Did you know that Leap Day was once treated as a Sadie Hawkins-style opportunity for a madcap rearranging of the social order? Please use this knowledge as an excuse to march down to your local city hall and tell any male officials to take a hike.
The year was 1944. An orphaned squirrel was adopted by a family and named Tommy Tucker. The lady of the house decided to dress Tommy in specially-made ensembles; Life documented the critter in photographs. Additional images after the jump.
Life.com just put up a never-seen before, unpublished Hells Angels gallery. And while the images (from 1965) of the guys are interesting, it's the women who will really catch your eye.
- Apparently Naomi Campbell — who just weeks ago was boasting of having mastered her volatile temper — assaulted her chauffeur because he is also chauffeurs her boyfriend, Vladimir Doronin, and he refused to tell her if Doronin was cheating. [NYPost]
Naomi Sims, the first black model on the cover of Ladies' Home Journal in November 1968, died over the weekend at the age of 61. Her obituaries reveal a classic American rags-to-riches tale:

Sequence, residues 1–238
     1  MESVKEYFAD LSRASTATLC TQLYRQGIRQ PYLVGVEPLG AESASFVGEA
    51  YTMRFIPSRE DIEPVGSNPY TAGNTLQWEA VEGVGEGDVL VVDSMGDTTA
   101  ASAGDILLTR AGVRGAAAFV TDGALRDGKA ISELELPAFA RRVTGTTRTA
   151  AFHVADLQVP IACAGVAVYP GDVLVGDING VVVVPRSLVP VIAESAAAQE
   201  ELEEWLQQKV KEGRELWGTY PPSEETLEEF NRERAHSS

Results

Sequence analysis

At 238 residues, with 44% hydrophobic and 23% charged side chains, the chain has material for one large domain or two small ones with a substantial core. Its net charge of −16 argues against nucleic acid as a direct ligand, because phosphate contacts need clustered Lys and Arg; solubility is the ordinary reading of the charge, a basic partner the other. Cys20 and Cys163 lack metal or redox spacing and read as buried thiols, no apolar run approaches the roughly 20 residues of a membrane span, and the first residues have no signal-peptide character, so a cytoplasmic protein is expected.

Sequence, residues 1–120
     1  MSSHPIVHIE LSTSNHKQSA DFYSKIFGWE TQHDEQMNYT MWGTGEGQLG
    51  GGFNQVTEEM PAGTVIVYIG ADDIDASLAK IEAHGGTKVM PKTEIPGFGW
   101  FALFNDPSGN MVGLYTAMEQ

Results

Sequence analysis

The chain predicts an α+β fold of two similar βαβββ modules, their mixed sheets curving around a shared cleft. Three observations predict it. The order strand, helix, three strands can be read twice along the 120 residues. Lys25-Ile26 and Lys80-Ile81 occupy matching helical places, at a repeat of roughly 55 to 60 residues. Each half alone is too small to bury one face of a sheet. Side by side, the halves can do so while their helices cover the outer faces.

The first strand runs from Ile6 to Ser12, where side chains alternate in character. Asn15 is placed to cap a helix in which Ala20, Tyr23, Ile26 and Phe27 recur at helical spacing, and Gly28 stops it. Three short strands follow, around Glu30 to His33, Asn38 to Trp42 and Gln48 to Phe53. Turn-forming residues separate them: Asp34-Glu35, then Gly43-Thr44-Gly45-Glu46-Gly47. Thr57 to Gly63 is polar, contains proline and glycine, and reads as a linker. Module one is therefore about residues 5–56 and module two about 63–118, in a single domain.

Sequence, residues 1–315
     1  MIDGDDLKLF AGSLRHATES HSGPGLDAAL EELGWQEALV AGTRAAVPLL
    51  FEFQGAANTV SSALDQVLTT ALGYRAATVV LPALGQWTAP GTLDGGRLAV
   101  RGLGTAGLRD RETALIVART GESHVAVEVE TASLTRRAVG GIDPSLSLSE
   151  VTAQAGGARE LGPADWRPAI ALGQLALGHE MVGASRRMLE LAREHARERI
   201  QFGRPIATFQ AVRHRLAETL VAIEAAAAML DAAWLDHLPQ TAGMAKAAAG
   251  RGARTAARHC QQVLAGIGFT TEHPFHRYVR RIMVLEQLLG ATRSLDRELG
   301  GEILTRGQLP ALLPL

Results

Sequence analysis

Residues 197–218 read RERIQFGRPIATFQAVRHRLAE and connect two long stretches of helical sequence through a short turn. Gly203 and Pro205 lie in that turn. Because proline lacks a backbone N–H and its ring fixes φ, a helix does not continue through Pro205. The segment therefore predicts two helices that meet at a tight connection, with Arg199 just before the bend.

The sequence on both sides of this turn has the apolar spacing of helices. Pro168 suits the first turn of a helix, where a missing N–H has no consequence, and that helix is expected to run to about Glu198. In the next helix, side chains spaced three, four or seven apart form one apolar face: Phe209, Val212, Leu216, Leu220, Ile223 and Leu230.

I unearthed a 1960 Life the other day, from the week that Eisenhower and Khrushchev addressed the UN. But editors made space for two non-political stories: one about space rockets, and one about Seventh Avenue.
As you know, the Life magazine photo archive is now online. We've been showcasing images of women in different decades. Although Life was a weekly until 1972, it hung around as a monthly until 2000.
As you may know, though Life magazine is no more, the Life magazine photo archive lives on, through a partnership with Google, and is slowly being made available online. Looking through the collection is unbelievably engrossing, but the funny thing is you never really find exactly what you think you're going to find.…
As previously posted, the Life magazine photo archive is now available online. The collection is estimated to consist of more than 10 million photos, many of which were never published in the magazine and only exist as negatives, slides and etchings. You can search the collection for historical images, and if you want…